Tuesday, 10 January 2012
jan 10, 2012
one part of the work is called memoria - a series of cross-stitch portraits based on the only picture his family still has of owen. we talked at length about the gradual creation of the portraits by way of thousands of tiny stitches - 1296 stitches per square inch, to be exact. "it's like mending," he said. "it's very much like mending." i smiled.
carl holds the fabric in his hands and makes stitch after stitch after stitch, which gradually creates an image. it's the patient work of putting something back together after a long time; recreating his brother's face from the only picture he has. to me, it felt like a remembrance ritual as well as an examination of memory itself. it's a slow process for carl, each portrait taking up to two months to complete. together, the series of 11 portraits tells a story. it starts with a very high-contrast image of his brother - midnight blue thread on white fabric (see picture). as the series of portraits progresses, the colour gradually lightens in tone, with the last portrait being white-on-white. invisible. a portrait of owen, whose face is there and gone at the same time.
in describing the work, carl talks about the loss of possibility. i imagine this could include the loss of his brother's life, the loss of the fraternal relationship, his mother and father's loss, the loss of myriad potential experiences for owen and the loss of the overall potential of his life - all the things that the world never got to experience because of owen's early death.
all of this made me think of my relationship with my sister, which is fraught with a lot of confused emotion. like the stewart family, we never quite recovered from early childhood events in our family life. in our case, it was the effects of my sexual abuse. when people talk about sexual abuse, we often think only of the victim and the perpetrator, but the effects tend to ripple outward in unexpected ways for the whole family. it's like a weird, quiet cancer that takes over. my sister, for example, was jealous that i was considered beautiful enough for someone to want to abuse me, and she resented the "attention" i received. she resented being (comparatively) ignored. for her, it seems to be about wrestling for focus and air time.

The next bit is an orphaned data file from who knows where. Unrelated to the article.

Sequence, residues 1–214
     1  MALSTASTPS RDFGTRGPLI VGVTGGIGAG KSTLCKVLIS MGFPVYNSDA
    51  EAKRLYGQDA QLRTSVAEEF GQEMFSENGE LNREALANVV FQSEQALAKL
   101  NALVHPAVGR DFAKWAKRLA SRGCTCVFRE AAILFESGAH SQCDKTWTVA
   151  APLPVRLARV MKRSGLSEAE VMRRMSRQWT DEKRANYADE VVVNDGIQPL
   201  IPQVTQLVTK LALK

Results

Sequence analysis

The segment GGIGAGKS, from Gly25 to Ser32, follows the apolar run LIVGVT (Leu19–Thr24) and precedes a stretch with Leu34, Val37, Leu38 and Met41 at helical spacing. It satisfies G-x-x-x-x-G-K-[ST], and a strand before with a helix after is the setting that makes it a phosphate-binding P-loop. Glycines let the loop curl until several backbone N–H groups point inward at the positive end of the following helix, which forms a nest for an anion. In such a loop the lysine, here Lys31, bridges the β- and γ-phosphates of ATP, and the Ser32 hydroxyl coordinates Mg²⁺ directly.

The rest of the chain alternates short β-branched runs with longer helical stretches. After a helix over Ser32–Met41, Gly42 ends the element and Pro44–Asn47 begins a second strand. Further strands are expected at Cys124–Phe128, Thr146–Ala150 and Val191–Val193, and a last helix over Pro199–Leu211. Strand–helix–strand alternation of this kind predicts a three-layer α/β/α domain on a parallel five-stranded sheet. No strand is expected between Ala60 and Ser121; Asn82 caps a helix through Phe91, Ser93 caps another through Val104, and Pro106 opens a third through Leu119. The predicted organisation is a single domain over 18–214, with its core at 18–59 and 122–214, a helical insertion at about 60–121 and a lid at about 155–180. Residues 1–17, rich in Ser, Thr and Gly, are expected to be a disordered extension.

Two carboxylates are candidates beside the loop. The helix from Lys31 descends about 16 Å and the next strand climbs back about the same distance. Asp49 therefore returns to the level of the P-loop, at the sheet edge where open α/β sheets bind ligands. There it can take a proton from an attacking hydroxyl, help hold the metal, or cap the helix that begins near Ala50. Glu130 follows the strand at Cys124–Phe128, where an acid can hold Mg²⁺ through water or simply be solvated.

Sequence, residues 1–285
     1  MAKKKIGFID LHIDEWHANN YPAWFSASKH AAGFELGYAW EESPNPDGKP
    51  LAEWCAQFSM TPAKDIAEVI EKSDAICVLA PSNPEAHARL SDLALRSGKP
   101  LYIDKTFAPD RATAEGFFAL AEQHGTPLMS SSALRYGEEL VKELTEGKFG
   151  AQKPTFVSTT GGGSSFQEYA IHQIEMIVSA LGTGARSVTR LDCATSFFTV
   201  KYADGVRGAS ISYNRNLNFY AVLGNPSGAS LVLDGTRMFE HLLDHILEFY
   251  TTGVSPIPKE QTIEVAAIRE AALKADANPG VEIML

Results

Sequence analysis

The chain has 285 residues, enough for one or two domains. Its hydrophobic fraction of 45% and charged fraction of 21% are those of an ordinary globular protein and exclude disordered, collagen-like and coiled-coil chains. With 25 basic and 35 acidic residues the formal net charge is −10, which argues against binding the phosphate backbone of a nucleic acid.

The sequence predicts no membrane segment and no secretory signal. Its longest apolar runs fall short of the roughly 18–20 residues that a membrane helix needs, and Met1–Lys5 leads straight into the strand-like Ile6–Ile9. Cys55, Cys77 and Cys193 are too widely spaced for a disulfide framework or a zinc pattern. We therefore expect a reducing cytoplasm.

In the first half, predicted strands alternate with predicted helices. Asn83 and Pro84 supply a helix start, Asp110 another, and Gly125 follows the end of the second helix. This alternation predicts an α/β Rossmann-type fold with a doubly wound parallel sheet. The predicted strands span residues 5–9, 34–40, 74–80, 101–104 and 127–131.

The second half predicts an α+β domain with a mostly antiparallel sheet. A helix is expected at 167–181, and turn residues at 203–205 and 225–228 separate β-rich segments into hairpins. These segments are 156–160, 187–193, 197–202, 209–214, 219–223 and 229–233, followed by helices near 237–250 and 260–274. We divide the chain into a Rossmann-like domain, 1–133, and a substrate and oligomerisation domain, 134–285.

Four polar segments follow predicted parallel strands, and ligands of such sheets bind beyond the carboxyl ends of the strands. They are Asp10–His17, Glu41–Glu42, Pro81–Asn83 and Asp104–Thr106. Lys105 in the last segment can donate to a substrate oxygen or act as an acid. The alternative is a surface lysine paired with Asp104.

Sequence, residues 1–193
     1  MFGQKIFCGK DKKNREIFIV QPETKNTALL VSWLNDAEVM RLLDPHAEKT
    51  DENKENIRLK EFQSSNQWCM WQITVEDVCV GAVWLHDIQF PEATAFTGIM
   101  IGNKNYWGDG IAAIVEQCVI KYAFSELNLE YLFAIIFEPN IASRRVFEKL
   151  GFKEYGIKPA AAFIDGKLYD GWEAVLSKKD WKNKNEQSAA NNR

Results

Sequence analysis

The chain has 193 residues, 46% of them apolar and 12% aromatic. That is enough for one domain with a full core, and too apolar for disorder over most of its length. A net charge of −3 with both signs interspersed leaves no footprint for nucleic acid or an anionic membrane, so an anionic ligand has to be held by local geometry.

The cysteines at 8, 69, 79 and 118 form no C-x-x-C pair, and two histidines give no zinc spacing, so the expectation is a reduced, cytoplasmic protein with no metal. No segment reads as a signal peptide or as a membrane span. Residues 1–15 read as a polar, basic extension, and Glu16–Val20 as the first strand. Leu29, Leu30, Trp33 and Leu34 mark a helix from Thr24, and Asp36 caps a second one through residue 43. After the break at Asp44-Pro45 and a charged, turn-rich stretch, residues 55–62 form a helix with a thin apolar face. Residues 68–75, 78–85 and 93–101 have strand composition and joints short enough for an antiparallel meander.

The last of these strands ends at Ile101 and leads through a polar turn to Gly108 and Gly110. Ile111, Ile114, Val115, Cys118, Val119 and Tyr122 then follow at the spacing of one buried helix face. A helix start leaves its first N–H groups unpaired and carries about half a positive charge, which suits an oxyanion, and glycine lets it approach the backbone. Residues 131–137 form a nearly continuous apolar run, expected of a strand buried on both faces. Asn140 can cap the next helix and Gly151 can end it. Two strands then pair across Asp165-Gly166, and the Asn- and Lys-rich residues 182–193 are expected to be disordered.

it's been a while since these emotional patterns have driven our relationship - probably since our early twenties - but, just before christmas this year, my sister wrote me a letter that showed me she still hadn't moved past this notion that i'm the lucky one, the good one, the spoiled one, the princess, the favourite. she thinks i get whatever i want and believes that i expect the family to walk on eggshells around me and dote on me. still, these undertones of the past. it's strange to say, but i think i've been able to let go of more of the experience than she has. she can't seem to accept that i had nothing to do with the abuse. there's something she can't handle about not being chosen; at the same time, she feels incredibly guilty for not protecting me. in her letter, my sister asked me not to come to christmas because my presence (my experience?) makes everyone so uncomfortable. i disagreed with her read of the situation, but i obliged. i obliged with a lot of sadness in my heart.
so, today, looking at two dozen portraits of this beautiful, innocent child stirred up a lot of emotion. owen was three years old - like i was when the abuse started. sexual abuse is a kind of death in itself. it leaves a ghastly mess behind...a sort of non-childhood to live in a child's body. too much knowledge and not enough wisdom. this may be insensitive to say, given the subject matter of my post tonight, but i've often wondered if it would have been easier for my family if i had died rather than having to deal with all this ongoing crap that the abuse created. the competitive suffering, the yearning to reverse the past, all the regrets and guilt and shame...and the worst part of all: my family having to look at me and think about what happened every time they see me. to think about what he did and what they didn't do and how they failed me. it takes so much more to mend hurts that involve living, breathing people. like carl taught me today, sometimes it can take thousands of stitches to put together a clear picture.